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We are given a string of length $L$ tied to massless rings at both ends so as they can move freely in the transversal direction. The linear density of the string is $ρ$ and the tension at rest (where $y=0$ for the whole string) is $T$.

I found that the normal modes of the string are: $$y_n(x,t)=A\cos(k_nx)\cos(\omega_nt+\phi_n)$$ where $k_n={\pi n \over L}$ and $\omega_n=k_n \sqrt{T \over \rho}$

When the string is at rest, a transversal velocity $v_0$ is momentarily applied at the $x=L$ end of the string, so all points of the string have a distribution of linearly reducing speeds, with $x=0$ having a speed of 0. I must express the motion of the string as a superimposition of all the normal modes.

What I was thinking is: If the speed at $x=0$ is $0$, this means that $${\partial y\over \partial t }\bigg|_{x~=~0} =0 \Leftrightarrow -A\omega \sin(\omega t+\phi )=0 \Leftrightarrow \omega t+\phi=n \pi \Leftrightarrow \phi=n\pi-\omega t$$ This gives $y_n(x,t)=A\cos(kx)\cos(n\pi)$, which is not a function of $t$.
Am I wrong in some way?

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You know that $$y(x,t)=\sum\limits_{n=1}^{\infty} y_n(x,t)=\sum\limits_{n=1}^{\infty} A_n\cos(k_nx)\cos(\omega_nt+\phi_n)$$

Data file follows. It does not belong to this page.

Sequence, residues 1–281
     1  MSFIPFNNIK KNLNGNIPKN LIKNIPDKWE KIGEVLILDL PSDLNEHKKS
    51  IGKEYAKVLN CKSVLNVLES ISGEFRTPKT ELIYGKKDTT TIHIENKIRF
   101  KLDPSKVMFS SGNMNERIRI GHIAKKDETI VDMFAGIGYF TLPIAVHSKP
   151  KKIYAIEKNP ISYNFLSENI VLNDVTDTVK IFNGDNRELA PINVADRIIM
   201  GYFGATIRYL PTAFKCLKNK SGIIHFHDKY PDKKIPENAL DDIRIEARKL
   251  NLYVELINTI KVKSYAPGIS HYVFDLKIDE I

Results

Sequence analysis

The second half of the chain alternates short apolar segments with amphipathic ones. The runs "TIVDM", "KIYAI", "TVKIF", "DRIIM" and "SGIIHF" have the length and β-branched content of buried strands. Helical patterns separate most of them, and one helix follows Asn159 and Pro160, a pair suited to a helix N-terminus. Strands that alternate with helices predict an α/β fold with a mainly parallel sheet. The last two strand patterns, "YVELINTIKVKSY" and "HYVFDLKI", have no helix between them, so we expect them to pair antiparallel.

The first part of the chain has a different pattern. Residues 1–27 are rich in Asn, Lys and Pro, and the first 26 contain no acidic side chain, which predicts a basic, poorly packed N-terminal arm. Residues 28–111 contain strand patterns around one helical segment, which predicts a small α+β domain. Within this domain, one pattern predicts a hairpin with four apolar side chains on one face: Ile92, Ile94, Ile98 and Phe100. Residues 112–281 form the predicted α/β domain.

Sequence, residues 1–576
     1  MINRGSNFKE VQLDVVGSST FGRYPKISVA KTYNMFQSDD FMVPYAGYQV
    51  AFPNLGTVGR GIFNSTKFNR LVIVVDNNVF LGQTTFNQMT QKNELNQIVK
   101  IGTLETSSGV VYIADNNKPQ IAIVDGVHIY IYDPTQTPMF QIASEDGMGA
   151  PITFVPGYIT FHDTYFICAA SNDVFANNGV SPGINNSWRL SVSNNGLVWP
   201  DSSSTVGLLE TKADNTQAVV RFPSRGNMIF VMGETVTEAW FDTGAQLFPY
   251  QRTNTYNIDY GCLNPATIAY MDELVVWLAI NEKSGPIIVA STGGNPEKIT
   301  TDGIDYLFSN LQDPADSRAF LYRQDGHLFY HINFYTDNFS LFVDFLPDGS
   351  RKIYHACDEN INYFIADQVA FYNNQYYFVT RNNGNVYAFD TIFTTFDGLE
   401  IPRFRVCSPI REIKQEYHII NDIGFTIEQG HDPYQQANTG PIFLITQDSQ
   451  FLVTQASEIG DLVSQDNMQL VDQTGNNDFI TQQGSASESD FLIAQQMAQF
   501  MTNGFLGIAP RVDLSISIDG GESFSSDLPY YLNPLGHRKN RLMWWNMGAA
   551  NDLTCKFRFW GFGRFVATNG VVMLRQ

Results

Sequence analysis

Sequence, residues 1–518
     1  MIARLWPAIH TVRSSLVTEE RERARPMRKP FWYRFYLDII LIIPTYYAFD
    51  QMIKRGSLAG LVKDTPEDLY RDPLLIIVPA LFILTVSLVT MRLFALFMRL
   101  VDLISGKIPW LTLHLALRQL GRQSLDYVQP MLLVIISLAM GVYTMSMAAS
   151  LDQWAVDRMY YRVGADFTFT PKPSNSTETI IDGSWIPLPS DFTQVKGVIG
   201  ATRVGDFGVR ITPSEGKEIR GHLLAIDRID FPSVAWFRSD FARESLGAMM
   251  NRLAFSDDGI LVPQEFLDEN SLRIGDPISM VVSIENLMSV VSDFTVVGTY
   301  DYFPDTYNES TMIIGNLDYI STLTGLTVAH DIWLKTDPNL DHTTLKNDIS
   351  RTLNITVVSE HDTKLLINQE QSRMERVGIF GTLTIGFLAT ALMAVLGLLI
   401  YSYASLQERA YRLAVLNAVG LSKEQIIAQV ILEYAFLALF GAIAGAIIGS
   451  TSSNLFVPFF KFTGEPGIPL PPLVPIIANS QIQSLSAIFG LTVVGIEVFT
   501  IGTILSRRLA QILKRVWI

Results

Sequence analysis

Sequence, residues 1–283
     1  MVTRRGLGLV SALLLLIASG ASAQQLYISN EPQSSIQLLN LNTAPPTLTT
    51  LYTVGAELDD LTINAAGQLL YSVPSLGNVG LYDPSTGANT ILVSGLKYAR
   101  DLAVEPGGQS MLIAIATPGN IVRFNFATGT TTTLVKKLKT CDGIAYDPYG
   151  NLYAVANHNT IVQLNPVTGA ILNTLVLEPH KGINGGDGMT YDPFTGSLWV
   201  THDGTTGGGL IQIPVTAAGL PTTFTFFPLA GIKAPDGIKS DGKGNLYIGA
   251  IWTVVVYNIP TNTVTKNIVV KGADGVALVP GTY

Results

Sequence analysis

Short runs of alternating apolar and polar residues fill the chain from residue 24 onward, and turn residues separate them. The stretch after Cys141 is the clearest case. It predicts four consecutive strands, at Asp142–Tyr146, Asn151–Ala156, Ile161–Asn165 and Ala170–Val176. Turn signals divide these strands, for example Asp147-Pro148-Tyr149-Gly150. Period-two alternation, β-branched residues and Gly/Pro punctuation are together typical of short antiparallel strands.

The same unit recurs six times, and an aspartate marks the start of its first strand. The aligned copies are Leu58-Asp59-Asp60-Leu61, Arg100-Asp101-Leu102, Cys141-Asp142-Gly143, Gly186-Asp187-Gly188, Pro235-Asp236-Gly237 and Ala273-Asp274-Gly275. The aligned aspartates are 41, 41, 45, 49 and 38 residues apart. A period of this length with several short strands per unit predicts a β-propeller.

and

$$\dot y(x,t)=\sum\limits_{n=1}^{\infty} \dot y_n(x,t)=\sum\limits_{n=1}^{\infty} -A_n\omega_n\cos(k_nx)\sin(\omega_nt+\phi_n)$$

where $k_n={\pi n \over L}$ and $\omega_n=k_n \sqrt{T \over \rho}$.

Given $y(x,0)=0$ and $\dot y(x,0)= v_o\dfrac xL$ as the two initial conditions you need to solve for $A_n$ and $\phi_n$ using Fourier analysis as described here and in many other texts.

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If $y_n(x,t)=A\cos(k_nx)\cos(\omega_nt+\phi_n)$ and you want $y_n$ to be zero when $x = 0$ the only that's going to happen is if $A=0$, no?

The velocity profile you describe with one end moving while the other is stationary does not go with the the equation for the normal modes. In that equation the velocity at $x=0$ is always equal in magnitude to the velocity at $x=L$.

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